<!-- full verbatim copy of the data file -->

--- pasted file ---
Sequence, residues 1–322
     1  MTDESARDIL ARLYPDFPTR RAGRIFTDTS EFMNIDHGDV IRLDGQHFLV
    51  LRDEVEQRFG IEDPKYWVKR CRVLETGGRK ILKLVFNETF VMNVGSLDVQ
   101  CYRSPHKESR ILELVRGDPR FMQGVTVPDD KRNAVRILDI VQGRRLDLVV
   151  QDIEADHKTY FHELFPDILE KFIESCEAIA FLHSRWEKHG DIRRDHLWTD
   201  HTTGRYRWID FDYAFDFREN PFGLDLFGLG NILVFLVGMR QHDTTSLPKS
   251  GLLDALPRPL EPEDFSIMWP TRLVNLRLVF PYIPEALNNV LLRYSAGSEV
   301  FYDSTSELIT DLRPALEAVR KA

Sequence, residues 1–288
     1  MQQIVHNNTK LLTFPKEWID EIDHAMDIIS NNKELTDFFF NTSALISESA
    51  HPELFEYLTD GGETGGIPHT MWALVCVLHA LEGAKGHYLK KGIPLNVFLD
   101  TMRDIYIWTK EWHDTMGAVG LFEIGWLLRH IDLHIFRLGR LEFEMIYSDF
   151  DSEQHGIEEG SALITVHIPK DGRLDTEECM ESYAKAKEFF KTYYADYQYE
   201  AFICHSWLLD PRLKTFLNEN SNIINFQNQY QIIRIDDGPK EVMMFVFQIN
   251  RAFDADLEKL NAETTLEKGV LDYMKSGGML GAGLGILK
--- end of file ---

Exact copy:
Sequence, residues 1–322
     1  MTDESARDIL ARLYPDFPTR RAGRIFTDTS EFMNIDHGDV IRLDGQHFLV
    51  LRDEVEQRFG IEDPKYWVKR CRVLETGGRK ILKLVFNETF VMNVGSLDVQ
   101  CYRSPHKESR ILELVRGDPR FMQGVTVPDD KRNAVRILDI VQGRRLDLVV
   151  QDIEADHKTY FHELFPDILE KFIESCEAIA FLHSRWEKHG DIRRDHLWTD
   201  HTTGRYRWID FDYAFDFREN PFGLDLFGLG NILVFLVGMR QHDTTSLPKS
   251  GLLDALPRPL EPEDFSIMWP TRLVNLRLVF PYIPEALNNV LLRYSAGSEV
   301  FYDSTSELIT DLRPALEAVR KA

Sequence, residues 1–288
     1  MQQIVHNNTK LLTFPKEWID EIDHAMDIIS NNKELTDFFF NTSALISESA
    51  HPELFEYLTD GGETGGIPHT MWALVCVLHA LEGAKGHYLK KGIPLNVFLD
   101  TMRDIYIWTK EWHDTMGAVG LFEIGWLLRH IDLHIFRLGR LEFEMIYSDF
   151  DSEQHGIEEG SALITVHIPK DGRLDTEECM ESYAKAKEFF KTYYADYQYE
   201  AFICHSWLLD PRLKTFLNEN SNIINFQNQY QIIRIDDGPK EVMMFVFQIN
   251  RAFDADLEKL NAETTLEKGV LDYMKSGGML GAGLGILK